Most coaching models actually begin with group instruction for teachers before teachers work individually with their instructional coaches. For instance, a principal may lead a school-wide training on how to plan hybrid learning lesson plans. Next, instructional coaches follow up on this group training by scheduling regular, one-on-one coaching sessions with each teacher. The instructional coach observes the teacher executing a hybrid learning lesson. Then the instructional coach and teacher debrief together as the coach provides personalized, motivational feedback about new practices and evidence of student learning.  This personalized, motivational feedback should address both the teacher’s individual strengths. Also areas for opportunities to refine instructional strategies and practices.

Teacher reflection

Teachers rely on instructional coaches for their ability to see things through a different lens, and for their areas of content expertise. However, The Learning Policy Institute emphasizes that personal reflection is also an important factor in the coaching process. Coaches should prompt teachers to reflect on their performance and share “both positive and constructive reactions” to their observation sessions.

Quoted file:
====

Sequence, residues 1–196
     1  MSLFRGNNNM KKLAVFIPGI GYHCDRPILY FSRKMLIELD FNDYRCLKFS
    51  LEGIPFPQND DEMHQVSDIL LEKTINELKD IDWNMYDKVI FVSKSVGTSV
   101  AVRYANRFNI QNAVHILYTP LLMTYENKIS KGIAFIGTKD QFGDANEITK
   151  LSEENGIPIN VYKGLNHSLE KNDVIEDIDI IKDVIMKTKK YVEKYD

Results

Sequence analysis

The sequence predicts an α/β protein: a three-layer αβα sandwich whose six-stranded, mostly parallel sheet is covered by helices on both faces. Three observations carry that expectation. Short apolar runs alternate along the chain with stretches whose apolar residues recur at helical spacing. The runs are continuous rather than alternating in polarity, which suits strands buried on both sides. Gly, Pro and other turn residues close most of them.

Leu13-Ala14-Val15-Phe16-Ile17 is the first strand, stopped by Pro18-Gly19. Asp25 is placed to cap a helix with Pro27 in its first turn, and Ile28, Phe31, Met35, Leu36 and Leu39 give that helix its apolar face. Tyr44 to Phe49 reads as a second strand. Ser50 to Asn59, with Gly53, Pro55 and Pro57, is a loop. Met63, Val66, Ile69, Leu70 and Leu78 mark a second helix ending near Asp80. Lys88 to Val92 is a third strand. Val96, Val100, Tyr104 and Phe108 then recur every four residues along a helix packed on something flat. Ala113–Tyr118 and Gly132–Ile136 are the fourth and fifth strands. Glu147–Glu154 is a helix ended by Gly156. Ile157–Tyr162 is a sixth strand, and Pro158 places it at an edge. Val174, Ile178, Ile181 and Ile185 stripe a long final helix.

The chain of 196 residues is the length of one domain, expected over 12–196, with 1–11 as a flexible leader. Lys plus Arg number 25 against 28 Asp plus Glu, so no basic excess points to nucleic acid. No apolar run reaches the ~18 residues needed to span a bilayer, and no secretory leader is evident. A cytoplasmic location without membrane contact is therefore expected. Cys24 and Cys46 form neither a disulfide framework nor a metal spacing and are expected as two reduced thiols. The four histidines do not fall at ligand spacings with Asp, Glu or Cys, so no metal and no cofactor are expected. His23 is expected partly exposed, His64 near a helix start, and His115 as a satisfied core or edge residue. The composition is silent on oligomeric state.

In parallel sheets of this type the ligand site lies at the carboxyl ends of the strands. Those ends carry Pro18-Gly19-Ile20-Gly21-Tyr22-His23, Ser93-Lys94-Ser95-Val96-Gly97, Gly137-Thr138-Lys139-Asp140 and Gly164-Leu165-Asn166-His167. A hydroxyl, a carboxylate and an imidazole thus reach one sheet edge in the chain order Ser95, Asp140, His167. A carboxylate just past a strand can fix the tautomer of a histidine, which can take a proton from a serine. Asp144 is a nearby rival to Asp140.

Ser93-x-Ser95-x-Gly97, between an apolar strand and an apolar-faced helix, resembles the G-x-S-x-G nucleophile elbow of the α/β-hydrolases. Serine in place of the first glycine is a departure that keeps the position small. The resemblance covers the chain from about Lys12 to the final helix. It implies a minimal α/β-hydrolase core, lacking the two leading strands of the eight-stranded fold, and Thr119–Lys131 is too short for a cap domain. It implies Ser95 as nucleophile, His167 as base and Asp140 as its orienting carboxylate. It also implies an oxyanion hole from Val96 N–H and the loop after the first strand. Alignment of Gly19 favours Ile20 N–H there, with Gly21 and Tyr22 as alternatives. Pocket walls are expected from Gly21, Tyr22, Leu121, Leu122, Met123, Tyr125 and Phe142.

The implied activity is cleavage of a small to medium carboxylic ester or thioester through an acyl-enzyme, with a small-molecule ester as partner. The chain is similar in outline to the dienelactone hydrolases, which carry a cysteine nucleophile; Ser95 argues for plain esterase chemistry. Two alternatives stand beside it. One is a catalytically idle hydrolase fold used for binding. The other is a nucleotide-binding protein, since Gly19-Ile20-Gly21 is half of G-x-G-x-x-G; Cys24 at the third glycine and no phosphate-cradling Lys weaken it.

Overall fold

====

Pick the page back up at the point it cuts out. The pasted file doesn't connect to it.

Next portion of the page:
Clear expectations for instructional coaches —

Digital Promise finds that many schools and districts give instructional coaching responsibilities to internal team members who already have a large number of other responsibilities, such as teachers and administrators. School leaders should ensure instructional coaches have sufficient time to work one-on-one with teachers. Also clearly define expectations for their work as an instructional coach.

The Center for Student Achievement Solutions provides expert support for principals and district leaders. Also who want to incorporate job-embedded instructional coaching support for their teachers as part of a comprehensive professional development plan. We work with school leaders at every level of the planning process. Also whether you need support in just one specific area or need help creating your professional development strategy from scratch. Schedule a free call with one of our consultants to start planning your teacher development.

Resources to Support Your and Job-Embedded Professional Development Strategy

We’ve compiled some of our most recent articles about job-embedded professional development learning opportunities for teachers through the COVID-19 pandemic. Click each title to read the full article:

We would also love to hear from you! What challenges are you facing as you create a job-embedded professional development plan for teachers? What questions do you have about providing job-embedded professional development learning opportunities through a virtual platform? Schedule a call with us or send us an email to get feedback on your plans.